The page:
What you need to know about HTML5 vs. native apps
October 2, 2012
Kris Ostrowka is business development associate at StepLeader
It all started with the ever-popular colloquial phrase, “There’s an app for that!”
In our technology-enthused culture, those four simple words have become infused with the constant drive for the latest and greatest in mobile technology. As a digital strategist, with that drive comes the need to choose the best option for developing your mobile application.
With the debate between the HTML5 and native app methodologies raging across the mobile development and marketer community, you might be left wondering whether there is a middle ground.
If you are looking to stay competitive in the digital space, are you required to develop two disparate mobile solutions?
The more you read about the debate, it is apparent some companies are heavily invested in one technology versus the other, so those biases play themselves out in each article.
When all is said and done, it can be quite confusing, even to our own group of professional strategists that has made mobile our business since 2005.
In our experience, a great number of our content partners have reached a crossroads with regards to their app development strategy.
While currently leveraging native apps to provide content to their mobile audience, at the same time, they are also exploring the capabilities of HTML5.
Rather than weighing the pros and cons of each methodology, we decided to strategize as to which approach is better suited for various segments looking to distribute content via the mobile platform.
HTML5 vs. native apps: What’s the difference?
HTML5 allows one development effort to be used across multiple platforms by combining your digital assets into one template. The final product resides within the mobile Web browser and offers you a one-size solution to fit all devices, phones, tablets and Web.
Many HTML5 app developers feature easy-to-customize CMS software, allowing brands to make alterations on the fly, without worrying about complex coding.
Additionally, advertising generally lives within the mobile browser.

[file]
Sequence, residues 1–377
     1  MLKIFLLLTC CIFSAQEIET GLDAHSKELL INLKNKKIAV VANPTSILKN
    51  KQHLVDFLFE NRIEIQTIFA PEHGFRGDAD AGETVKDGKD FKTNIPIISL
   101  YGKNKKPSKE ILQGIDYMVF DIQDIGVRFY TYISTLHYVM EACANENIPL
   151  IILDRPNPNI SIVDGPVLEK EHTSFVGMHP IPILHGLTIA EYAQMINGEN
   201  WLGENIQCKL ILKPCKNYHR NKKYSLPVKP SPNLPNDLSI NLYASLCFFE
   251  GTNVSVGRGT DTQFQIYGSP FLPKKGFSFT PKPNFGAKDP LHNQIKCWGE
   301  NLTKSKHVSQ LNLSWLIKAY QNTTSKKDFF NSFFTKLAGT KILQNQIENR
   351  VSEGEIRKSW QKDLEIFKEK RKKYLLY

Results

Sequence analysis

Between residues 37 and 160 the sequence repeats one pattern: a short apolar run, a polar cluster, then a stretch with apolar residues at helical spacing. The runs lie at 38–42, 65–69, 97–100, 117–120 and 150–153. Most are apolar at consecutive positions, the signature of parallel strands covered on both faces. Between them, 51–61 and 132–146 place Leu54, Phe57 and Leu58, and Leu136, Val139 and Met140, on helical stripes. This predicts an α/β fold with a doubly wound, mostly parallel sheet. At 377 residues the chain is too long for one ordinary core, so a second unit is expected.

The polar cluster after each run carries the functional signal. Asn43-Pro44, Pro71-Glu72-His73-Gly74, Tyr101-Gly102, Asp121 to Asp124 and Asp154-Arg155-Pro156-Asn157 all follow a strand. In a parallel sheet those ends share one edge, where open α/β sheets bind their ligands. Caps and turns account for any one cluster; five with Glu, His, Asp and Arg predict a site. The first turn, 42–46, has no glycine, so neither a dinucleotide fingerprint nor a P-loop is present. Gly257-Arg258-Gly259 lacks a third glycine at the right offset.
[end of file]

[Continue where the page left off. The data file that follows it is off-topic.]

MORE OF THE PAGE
By using HTML5, the experience is kept within the browser for the user, including newer advertising methods such as rich media or pre-roll ad units.
Native apps, on the other hand, are just that, native to the mobile home screen. When developers build separate templates, specific to each platform, users can then access optimized content and all associated tools in a framework that is device-specific.
Apple and Google present a gatekeeper mentality for app developers looking to publish to the mobile application store. However, this does allow for mass distribution through the mobile marketplace.
Here is a quick breakdown of important features, and how each environment supports them:
Feature HTML5 Native App
Distribution Web App store
Geolocation Yes Yes
Content accessibilityOnline Online/Offline
Speed Slow Fast
Publishing ability One template Per OS template
Content control Easy Complicated
In the case of some publishers, a hybrid approach offers great flexibility and maximum content distribution.
With many digital properties using HTML5 to build their Web sites, it only makes sense for that same language to frame their mobile Web site.
For those new to mobile, the strategy of using mobile as an extension of their digital brand is an easy transition. Advertising can generally transfer between the two properties and content feeds can easily be integrated.
In addition, this approach allows you to use the publishing tools of HTML5, with the mass distribution of native apps.
Pages can be built using HTML5 that normally live within the Web browser, to be housed in an “app wrapper,” providing the proper specifications to be published within the Google Play marketplace or iTunes.
While this might seem like the perfect solution, simply because it looks like an app and acts like an app does not mean it is an app.
A hybrid app operates from a Web browser, meaning it will not run as quickly as a native app and may not take advantage of capabilities found within the latest smartphones.